Fans of the Road Runner cartoon will feel oddly at home among the red sandstone rock formations in this rarely visited national park. The park comprises 1500 sq km of canyons and dry lake beds among the Sierra de las Quijadas, whose peaks reach 1200m at Cerro Portillo. Recent paleontological excavations by the Universidad Nacional de San Luis and New York’s Museum of Natural History have unearthed dinosaur tracks and fossils from the Lower Cretaceous, about 120 million years ago.
From the park entrance, a 6km dirt road leads west to a viewpoint overlooking the Potrero de la Aguada, a scenic depression beneath the peaks of the sierra that collects the runoff from much of the park and is a prime wildlife area.
Hiking possibilities are excellent, but the complex canyons require a tremendous sense of direction or, preferably, the assistance of a local guide (call the national park ahead of time to arrange one). Even experienced hikers should beware of summer rains and flash floods, which make the canyons extremely dangerous.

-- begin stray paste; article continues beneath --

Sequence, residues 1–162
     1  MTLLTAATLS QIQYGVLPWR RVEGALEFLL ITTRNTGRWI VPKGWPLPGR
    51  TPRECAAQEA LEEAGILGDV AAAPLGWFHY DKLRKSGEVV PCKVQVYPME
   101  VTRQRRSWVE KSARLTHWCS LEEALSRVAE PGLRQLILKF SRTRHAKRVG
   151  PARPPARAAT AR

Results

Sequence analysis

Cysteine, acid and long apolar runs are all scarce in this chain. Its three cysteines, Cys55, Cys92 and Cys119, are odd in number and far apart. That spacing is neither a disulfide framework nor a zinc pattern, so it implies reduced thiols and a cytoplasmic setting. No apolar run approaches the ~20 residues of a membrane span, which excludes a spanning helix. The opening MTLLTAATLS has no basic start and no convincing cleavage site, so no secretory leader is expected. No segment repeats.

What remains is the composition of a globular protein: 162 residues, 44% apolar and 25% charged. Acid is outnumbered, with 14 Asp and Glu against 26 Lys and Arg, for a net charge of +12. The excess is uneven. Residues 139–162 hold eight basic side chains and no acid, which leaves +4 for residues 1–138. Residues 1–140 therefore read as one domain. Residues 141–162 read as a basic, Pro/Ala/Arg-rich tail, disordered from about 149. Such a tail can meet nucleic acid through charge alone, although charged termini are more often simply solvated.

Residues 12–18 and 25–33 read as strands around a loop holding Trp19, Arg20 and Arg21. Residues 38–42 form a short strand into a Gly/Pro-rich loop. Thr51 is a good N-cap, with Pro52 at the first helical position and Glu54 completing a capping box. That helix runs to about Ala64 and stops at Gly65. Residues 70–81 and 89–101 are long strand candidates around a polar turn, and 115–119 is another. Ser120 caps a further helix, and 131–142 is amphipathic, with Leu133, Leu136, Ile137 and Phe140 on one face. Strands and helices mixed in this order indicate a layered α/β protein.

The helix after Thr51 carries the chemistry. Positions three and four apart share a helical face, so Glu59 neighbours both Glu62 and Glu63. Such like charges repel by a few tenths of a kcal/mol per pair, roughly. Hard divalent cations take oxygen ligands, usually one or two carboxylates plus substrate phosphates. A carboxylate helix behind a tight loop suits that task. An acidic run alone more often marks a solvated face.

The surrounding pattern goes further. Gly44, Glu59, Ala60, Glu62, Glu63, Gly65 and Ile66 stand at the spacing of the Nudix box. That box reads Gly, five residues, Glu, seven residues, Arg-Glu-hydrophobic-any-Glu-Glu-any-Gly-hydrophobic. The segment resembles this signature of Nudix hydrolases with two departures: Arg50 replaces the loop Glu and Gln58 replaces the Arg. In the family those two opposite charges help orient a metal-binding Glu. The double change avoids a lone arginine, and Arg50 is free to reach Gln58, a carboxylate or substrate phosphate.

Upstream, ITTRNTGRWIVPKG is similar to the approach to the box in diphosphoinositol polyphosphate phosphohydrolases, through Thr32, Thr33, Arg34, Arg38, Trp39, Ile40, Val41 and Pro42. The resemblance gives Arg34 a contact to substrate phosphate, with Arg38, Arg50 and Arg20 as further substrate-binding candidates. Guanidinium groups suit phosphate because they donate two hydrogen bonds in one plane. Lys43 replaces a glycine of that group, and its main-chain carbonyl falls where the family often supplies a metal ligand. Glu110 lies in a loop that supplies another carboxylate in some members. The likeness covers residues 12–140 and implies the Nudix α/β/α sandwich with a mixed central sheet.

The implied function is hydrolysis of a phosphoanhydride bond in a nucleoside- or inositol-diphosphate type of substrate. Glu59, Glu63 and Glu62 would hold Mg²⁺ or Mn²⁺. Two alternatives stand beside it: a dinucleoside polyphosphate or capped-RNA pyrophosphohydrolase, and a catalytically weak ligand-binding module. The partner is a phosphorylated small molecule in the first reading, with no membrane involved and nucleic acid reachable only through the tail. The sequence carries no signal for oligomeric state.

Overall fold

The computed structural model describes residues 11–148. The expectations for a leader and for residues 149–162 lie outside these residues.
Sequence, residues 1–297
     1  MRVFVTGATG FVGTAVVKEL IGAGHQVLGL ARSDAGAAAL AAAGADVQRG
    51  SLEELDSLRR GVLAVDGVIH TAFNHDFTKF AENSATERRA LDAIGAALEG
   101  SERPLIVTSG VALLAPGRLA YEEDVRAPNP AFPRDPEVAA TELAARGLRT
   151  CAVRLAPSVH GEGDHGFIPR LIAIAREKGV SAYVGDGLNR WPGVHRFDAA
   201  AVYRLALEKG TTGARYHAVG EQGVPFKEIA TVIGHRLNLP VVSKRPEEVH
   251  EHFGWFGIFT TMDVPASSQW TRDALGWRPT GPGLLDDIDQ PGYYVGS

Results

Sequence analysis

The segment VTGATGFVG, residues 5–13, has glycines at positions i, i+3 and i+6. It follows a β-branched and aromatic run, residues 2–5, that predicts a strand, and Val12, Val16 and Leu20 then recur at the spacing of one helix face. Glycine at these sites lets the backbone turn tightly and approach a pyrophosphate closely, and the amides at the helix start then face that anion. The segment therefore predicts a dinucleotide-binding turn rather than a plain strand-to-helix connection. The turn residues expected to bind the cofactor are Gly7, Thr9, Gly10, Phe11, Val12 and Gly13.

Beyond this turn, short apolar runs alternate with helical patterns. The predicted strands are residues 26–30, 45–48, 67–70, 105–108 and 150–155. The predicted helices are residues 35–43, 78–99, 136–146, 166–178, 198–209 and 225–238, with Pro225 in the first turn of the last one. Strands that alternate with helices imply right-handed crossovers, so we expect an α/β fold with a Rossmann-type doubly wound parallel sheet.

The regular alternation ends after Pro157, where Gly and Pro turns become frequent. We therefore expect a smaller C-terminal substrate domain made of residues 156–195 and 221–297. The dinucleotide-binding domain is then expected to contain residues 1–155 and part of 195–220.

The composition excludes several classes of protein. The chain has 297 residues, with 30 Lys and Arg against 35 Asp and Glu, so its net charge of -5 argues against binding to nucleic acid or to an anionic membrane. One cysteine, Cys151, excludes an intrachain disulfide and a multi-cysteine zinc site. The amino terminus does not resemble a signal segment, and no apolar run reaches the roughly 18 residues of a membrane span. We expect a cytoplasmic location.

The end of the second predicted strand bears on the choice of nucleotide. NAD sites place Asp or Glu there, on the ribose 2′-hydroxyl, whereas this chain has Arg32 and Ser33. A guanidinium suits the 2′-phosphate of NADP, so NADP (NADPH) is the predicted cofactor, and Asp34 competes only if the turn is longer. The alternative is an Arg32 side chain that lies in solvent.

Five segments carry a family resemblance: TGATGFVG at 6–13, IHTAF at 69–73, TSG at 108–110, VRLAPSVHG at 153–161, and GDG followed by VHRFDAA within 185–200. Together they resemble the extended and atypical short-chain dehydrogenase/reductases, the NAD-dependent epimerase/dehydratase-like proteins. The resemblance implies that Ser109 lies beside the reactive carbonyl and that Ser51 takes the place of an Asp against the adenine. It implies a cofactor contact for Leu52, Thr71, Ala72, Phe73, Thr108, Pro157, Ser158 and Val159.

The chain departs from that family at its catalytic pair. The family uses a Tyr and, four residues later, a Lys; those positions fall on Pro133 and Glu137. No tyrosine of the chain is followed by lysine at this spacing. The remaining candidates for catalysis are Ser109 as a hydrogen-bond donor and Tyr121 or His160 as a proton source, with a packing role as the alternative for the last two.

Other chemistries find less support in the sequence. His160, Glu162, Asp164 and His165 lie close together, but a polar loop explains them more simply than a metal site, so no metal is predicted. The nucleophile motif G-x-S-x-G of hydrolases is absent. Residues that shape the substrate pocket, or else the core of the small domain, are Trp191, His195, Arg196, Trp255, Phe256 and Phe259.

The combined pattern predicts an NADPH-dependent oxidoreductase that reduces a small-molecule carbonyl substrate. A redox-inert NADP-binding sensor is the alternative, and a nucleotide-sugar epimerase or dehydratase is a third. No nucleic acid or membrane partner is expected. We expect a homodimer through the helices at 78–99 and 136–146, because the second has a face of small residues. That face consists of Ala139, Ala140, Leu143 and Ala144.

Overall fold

Bring your own food and drinks, as there are no places to eat or to buy provisions inside the park. There used to be a shady campground, but it has closed for refurbishment, without an official reopening date. Call the park office to see if it has reopened.
Despite the shortage of visitors here, access to the park is excellent: buses from San Juan to San Luis pass every hour or so, though you might have to ask them to stop. Buses drop visitors at the park entrance just beyond the village of Hualtarán, about 110km northwest of San Luis via RN 147 (San Juan is 210km to the northwest).
It’s sometimes possible to catch a lift from the park entrance to the viewpoint overlooking the Potrero de la Aguada.